At independent broker-dealer LPL Financial’s Focus conference in San Diego on Tuesday, company executives took the opportunity to stress the importance of advisors focusing on what they do best and the parts of their businesses that they love most.
What’s “A-number-one” when LPL meets with its advisors is to get them to “understand the business that they have” and answer one important question: “Does it actually align with the business that they want?” Matt Enyedi, a company executive vice president, told attendees during an LPL Live conference session that was webcast Tuesday.
That’s a “really tough discussion because you’re going to find more often than not what they might love about this business isn’t actually the business they created,” he said.
LPL is trying to give its advisors the “tools and the understanding to get to a place where the business that they go with going forward aligns with what they truly love,” he explained. Data indicates that the “most unhappy financial advisors are those with about $225 million in assets” despite the fact that seems to be an “incredibly successful business,” he pointed out. That’s often because “the business grew at a pace and at a rate and maybe at a shape that wasn’t what they actually loved,” he explained.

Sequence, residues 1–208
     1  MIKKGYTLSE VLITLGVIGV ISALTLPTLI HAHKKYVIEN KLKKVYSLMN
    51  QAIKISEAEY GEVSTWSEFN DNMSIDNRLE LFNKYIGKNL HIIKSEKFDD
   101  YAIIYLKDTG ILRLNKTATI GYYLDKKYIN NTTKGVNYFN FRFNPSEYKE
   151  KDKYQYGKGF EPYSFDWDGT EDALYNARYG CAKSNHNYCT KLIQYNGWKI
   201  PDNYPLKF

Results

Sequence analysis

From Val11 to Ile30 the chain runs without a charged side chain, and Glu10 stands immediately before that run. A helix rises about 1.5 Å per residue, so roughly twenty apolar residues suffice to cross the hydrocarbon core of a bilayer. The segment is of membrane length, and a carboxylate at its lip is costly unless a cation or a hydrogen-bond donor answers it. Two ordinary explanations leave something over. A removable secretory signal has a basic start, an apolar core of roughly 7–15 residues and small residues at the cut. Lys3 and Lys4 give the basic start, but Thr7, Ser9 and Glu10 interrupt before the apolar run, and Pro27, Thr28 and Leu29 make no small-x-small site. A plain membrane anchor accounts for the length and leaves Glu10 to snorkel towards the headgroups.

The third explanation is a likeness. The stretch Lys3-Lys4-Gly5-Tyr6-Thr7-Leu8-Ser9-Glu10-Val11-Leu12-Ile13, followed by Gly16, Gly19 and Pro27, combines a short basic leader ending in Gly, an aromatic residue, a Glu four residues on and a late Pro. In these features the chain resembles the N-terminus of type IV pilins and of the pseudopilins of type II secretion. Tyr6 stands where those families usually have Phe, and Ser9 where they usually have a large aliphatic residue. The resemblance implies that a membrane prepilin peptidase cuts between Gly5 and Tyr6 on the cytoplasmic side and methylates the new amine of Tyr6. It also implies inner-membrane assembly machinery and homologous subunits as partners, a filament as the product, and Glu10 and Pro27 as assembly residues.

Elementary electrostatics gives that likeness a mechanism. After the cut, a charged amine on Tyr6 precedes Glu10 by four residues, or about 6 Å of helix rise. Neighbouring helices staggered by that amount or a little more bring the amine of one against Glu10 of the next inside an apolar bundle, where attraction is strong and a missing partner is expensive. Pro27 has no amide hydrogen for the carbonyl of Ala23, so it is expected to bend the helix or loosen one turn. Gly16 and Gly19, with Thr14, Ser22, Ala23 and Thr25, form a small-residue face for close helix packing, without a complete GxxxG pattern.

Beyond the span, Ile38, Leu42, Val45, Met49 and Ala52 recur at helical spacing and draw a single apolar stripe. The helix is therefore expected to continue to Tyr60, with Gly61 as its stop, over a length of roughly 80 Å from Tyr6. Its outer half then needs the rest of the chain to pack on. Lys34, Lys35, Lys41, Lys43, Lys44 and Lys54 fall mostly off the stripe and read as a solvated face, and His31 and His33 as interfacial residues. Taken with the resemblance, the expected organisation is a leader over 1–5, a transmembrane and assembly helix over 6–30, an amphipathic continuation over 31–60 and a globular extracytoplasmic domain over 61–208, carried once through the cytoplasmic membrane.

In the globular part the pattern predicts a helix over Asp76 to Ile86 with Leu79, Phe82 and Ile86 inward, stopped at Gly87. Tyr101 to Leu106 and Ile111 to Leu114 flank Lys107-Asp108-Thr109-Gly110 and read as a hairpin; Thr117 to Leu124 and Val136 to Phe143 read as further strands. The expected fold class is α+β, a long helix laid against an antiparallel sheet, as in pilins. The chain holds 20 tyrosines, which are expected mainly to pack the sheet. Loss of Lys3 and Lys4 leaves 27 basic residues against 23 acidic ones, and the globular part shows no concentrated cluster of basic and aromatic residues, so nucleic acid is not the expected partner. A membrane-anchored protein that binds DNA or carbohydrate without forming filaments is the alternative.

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Many advisors entered the business because “they love helping American investors achieve their goals and dreams, and that’s why they do what they do,” he noted. But when a business grows a significant amount, “they’ve got to bring on more staff, they’ve got to bring in more technology, [and] they’ve got to bring in more infrastructure … [and] there’s no one to manage” the business “but them,” he noted.
And so what often happens is “all of a sudden they wake up one day and they say, ‘I don’t meet with investors any longer. I manage a business. I never wanted to do this.’ And they’re miserable,” he said.
Therefore, LPL is trying to help its advisors “understand what it is they’re focused on — what it is that they love,” and if they’re doing something they don’t love doing and is “commoditized,” it’s best to “outsource” those parts of the business to LPL or other companies, he said.
And “this conversation is not just for people in the early stages of trying to build a business,” Angela Xavier, executive vice president of IAS Business Consulting, pointed out. “This is just as relevant for people of highly successful businesses but are trying to get to the next level,” she said.